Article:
The U.S. District Court for the District of Columbia recently determined that a union that represents technology workers has standing to sue the U.S. Department of Homeland Security on the basis that these workers were harmed by the U.S. Optional Practical Training (“OPT”) STEM extension program. In Washington Alliance of Technology Workers v. U.S. Department of Homeland Security, the court considered whether a collective-bargaining organization that represents science, technology, engineering, and mathematics workers had standing to sue the U.S. government on the basis that the OPT program and OPT STEM extension program had injured the U.S. workers represented by this union. The plaintiff argued that these programs had increased competition for STEM jobs, which harmed its union members. Specifically, three union members were unable to obtain employment with JP Morgan Chase, Ernst &Young, IBM, and Hewlett Packard between 2010 and 2011. During this same time period, these organizations employed OPT STEM employees. The District Court stated that to establish standing, the plaintiff must show that: “(1) it has suffered an injury-in-fact, (2) the injury is fairly traceable to the defendant’s challenged conduct, and (3) the injury is likely to be redressed by a favorable decision.” Since there was no allegation in the complaint that the union’s workers applied for roles that were filled by OPT workers, the first three complaints were dismissed. In reviewing the remaining complaints, the court did find that the three workers “are specialized in computer technology, and they have sought out a wide variety of STEM positions with numerous employers, but have failed to obtain these positions following the promulgation of the OPT STEM extension in 2008.” Since the court found that these workers were “in direct and current competition with OPT students on a STEM extension,” the court found that the plaintiff had standing to sue on the remaining claims. While the STEM program is applauded for providing work authorization to individuals who have needed science, technology, engineering, and mathematics training in the U.S., this case shows that some unions believe that U.S. workers are being harmed.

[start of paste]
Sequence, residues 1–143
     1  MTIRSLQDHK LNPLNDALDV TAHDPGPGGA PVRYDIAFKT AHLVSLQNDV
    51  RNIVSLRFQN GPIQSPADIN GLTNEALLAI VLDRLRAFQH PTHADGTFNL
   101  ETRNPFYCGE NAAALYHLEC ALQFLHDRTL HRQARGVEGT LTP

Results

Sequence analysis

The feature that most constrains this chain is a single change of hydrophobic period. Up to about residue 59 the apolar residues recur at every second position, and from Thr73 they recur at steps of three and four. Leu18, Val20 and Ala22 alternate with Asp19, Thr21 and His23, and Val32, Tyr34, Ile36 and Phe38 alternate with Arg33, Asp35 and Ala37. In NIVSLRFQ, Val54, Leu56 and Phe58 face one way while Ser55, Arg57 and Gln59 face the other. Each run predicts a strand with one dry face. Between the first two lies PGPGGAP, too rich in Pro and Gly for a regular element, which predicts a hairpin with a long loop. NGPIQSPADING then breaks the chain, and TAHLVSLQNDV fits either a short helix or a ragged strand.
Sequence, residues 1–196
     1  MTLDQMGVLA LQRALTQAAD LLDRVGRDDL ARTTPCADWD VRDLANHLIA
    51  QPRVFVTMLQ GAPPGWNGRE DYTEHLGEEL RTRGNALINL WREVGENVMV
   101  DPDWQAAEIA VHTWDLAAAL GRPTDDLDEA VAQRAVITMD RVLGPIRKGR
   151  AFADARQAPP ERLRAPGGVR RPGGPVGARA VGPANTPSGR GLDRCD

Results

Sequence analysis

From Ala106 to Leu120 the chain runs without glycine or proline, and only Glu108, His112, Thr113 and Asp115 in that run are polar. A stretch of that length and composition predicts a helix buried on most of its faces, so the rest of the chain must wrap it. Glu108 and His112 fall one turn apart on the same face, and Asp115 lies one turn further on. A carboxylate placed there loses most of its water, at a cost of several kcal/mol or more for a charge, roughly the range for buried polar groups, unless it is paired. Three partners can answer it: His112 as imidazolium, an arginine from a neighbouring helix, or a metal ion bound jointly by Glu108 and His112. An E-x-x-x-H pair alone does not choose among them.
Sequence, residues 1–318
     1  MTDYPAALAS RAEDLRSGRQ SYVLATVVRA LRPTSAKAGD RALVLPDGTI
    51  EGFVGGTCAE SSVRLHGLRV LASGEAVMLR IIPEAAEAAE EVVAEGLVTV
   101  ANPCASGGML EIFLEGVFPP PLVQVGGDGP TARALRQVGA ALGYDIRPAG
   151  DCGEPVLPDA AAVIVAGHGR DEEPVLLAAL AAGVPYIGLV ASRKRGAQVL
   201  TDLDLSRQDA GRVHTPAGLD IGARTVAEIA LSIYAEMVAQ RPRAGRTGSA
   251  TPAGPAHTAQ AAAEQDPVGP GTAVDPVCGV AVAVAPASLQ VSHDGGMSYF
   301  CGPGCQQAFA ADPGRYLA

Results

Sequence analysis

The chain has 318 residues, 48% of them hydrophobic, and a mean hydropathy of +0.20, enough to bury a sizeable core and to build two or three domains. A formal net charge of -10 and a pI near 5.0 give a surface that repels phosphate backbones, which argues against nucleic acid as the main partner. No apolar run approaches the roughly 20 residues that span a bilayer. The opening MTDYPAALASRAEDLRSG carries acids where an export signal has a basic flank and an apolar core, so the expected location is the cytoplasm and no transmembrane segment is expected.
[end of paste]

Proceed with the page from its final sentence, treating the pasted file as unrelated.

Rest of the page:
As part of President Obama’s public claims to foster legal immigration and encourage entrepreneurship, the DHS announced several planned reforms to achieve these goals without the need for legislative action. We applaud the goals of the administration and these planned reforms and just hope that the culture of no which so permeates the agency at the service center levels are not able to quickly thwart the Preseident’s plans in much the same way that Senator Grassley and his cohorts in Congress would most assuredly stop these reform measures if Congressional action were required.
With the H-1b cap season in full swing, the USCIS has issued a new set of FAQ on the subject of “cap-gap”. A “cap-gap” occurs when a foreign student’s EAD card, issued pursuant to the OPT rules, expires prior to October 1, 2011. The USCIS has adopted rules that provides for an automatic extension that allows students to continue to be employed under the OPT provisions as long as their sponsoring employer has timely filed an H-1b cap subject petition that is properly receipted. An employer should be careful that the employee’s I-9 form is properly completed in this situation. We applaud the USCIS for its “cap-gap” policy.